Dealing with Vendors and Suppliers: Documenting Key Assumptions

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May 04, 2018

Dealing With vendors and suppliers: Documenting Key Assumptions

In the context of a contractual relationship, an assumption is “key” when it speaks to something that could affect the cost or difficulty of the vendor’s or the customer’s performance of their respective contractual obligations. The parties usually have a number of these assumptions, which are typically instrumental in leading the parties to enter into the contractual relationship.

First and foremost, if an assumption is important to a customer, the customer should expresslyst ate that assumption in the contract. If the assumption does not appear, a party must resort to claiming that the court should interpret the contract to have required it, or that the parties intended it. However, typically a court must be convinced that the contract is ambiguous before it will consider parol evidence. See, e.g., Golden Gate Acceptance Corp. v. General Motors Corp., 597 F.2d 676 (9th Cir. 1979).

Another potentially applicable doctrine is the doctrine of frustration of purpose, whichrequires  a showing that , after a contract is made, a party's principal purpose is substantially frustrated without his fault by the occurrence of an event the non-occurrence of which was a basic assumption on which the contract was made, his remaining duties to render performance are discharged, unless the language of the circumstances indicate the contrary. See, e.g., U.S. v. Moulder, 141 F.3d 568 (5th Cir. 1998). As application of these doctrines varies widely with the factual circumstances and can be uncertain, the better practice is to remove this uncertainty.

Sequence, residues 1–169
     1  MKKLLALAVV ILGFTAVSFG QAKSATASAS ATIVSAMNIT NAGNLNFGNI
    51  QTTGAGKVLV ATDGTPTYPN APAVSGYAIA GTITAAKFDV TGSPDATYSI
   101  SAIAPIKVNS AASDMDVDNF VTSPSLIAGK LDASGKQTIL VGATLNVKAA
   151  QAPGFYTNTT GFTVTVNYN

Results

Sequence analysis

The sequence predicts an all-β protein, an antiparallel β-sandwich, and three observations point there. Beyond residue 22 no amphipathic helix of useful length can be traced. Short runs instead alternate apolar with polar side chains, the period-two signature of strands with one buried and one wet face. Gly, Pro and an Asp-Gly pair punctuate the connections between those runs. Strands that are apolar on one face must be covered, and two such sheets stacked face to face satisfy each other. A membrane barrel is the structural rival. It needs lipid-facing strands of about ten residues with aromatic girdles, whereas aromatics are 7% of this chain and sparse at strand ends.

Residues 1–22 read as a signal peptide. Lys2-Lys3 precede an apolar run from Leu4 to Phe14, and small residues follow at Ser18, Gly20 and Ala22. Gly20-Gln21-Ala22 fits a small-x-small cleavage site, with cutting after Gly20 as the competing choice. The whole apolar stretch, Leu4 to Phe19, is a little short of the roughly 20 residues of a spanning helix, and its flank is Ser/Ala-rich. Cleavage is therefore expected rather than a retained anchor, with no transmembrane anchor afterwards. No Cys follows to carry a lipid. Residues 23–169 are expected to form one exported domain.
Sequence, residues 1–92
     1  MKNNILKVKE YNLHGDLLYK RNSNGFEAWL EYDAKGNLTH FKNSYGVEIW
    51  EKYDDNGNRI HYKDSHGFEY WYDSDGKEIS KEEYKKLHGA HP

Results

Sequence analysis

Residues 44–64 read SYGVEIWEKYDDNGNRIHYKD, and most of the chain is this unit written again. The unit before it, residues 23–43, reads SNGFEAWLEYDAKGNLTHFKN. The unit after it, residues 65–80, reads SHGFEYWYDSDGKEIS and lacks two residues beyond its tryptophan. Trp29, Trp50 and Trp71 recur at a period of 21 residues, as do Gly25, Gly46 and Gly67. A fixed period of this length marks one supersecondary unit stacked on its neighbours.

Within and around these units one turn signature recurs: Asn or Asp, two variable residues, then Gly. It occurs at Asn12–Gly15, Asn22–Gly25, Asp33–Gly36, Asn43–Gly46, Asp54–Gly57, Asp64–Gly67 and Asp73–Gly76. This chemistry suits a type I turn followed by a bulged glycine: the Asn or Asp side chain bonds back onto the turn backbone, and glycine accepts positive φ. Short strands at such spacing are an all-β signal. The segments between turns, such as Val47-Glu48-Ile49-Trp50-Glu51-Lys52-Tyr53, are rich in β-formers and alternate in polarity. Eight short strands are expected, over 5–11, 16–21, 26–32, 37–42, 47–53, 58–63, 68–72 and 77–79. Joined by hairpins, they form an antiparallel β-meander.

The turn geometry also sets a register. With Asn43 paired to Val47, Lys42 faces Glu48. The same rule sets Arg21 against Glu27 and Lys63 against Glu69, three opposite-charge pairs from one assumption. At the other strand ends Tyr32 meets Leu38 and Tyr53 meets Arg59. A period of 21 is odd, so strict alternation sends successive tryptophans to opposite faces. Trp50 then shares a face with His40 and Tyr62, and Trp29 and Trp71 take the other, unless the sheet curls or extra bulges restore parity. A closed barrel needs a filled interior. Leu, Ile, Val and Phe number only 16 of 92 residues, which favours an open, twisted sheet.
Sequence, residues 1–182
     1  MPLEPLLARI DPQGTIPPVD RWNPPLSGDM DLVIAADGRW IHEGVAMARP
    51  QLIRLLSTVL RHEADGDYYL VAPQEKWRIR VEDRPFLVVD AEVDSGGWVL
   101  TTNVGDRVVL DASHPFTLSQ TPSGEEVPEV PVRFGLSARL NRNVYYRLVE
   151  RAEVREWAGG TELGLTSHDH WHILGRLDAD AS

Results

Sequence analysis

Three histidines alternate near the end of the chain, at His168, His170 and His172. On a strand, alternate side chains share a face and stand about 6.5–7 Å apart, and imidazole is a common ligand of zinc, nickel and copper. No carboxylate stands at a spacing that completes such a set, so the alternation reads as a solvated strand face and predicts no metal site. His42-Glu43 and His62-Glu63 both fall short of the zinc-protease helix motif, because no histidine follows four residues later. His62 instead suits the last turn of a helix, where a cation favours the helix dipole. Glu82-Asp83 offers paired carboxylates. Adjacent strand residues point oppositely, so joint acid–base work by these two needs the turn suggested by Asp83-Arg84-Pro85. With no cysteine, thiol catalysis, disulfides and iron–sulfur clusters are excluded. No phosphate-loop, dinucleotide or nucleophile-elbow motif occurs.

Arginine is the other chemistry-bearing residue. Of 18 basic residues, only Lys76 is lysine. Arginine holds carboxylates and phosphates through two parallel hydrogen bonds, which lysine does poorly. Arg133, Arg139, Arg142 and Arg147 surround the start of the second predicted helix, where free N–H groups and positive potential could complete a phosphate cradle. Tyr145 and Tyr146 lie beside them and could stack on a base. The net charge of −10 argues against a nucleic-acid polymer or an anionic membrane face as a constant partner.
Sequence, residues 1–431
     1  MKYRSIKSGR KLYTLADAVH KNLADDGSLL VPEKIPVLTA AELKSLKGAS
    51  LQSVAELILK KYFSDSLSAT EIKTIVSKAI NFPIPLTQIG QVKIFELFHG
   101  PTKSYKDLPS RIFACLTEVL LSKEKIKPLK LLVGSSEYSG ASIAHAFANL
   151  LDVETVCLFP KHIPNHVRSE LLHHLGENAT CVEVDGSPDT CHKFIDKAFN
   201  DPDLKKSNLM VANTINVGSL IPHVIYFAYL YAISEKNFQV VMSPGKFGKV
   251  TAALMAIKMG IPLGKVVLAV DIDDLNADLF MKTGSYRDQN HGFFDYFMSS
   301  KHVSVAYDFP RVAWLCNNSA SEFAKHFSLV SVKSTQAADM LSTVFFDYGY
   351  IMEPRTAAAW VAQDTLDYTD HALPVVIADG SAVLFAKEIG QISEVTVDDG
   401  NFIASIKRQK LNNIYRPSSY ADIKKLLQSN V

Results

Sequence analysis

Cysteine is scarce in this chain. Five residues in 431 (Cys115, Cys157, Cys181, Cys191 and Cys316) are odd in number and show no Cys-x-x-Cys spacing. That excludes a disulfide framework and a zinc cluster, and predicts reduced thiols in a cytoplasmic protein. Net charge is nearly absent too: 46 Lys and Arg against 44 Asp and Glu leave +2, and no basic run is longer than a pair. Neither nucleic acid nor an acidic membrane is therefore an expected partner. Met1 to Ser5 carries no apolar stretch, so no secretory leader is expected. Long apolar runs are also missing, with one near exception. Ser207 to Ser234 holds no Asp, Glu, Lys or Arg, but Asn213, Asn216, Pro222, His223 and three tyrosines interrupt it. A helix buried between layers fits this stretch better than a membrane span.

Many assumptions are easily documented. Examples would include the nature and amount ofaccess a  customer would provide a vendor to key personnel, or particular internal resources, or the date or dates or times of day that the vendor will have access to a work site. A customer should use the same techniques applicable to the scope of work and the warranties and performance standards, that is, by using objective language and measurable criteria. A savvy vendor will typically request that the customer include one or more of the vendor’s own assumptions in the contract. For example, the vendor may request the inclusion of a statement that the vendor’s obligations to perform are contingent on the customer making certain resources or assistance available.

While these assumptions are often eminently commercially reasonable, the buyer should take care to limit the assumptions where necessary. To do this, the buyer should clearly demarcate where its obligations begin and end, and include an “integration” provision (sometimes referred to as a “merger” or “entire agreement” provision), in the contract.

An integration provision typically serves to bar parol evidence offered for the purpose ofaddi ng to or varying from the plain meaning of the language in the contract. The scope of this prohibition varies from state to state, however. In some states, the provision is a complete bar to such evidence except when offered to prove fraud in the execution. See, e.g., 1726 Cherry Street Partnership by 1726 Cherry Street Corp. v. Bell Atlantic Properties, Inc., 653 A.2d 663 (Pa.Super. 1995). In other states, the provision does not bar such evidence when offered to prove fraud in the inducement. See, e.g., Walid v. Yolanda for Irene Couture, Inc., 40 A.3d 85, (N.J.Super. App. Div. 2012).

Regardless, by employing an integration provision together with a set of objective, clear lydelineated assumptions, a customer can reduce the likelihood that unstated and misaligned assumptions will derail a contractual relationship.

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